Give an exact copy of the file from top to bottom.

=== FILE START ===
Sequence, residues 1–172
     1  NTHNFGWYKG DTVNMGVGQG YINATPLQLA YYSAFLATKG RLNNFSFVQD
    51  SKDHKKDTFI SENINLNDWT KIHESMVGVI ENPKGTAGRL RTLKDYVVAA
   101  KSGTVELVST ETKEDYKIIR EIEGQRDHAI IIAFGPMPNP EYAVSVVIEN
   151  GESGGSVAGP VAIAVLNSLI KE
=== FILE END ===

Sequence, residues 1–172
     1  NTHNFGWYKG DTVNMGVGQG YINATPLQLA YYSAFLATKG RLNNFSFVQD
    51  SKDHKKDTFI SENINLNDWT KIHESMVGVI ENPKGTAGRL RTLKDYVVAA
   101  KSGTVELVST ETKEDYKIIR EIEGQRDHAI IIAFGPMPNP EYAVSVVIEN
   151  GESGGSVAGP VAIAVLNSLI KE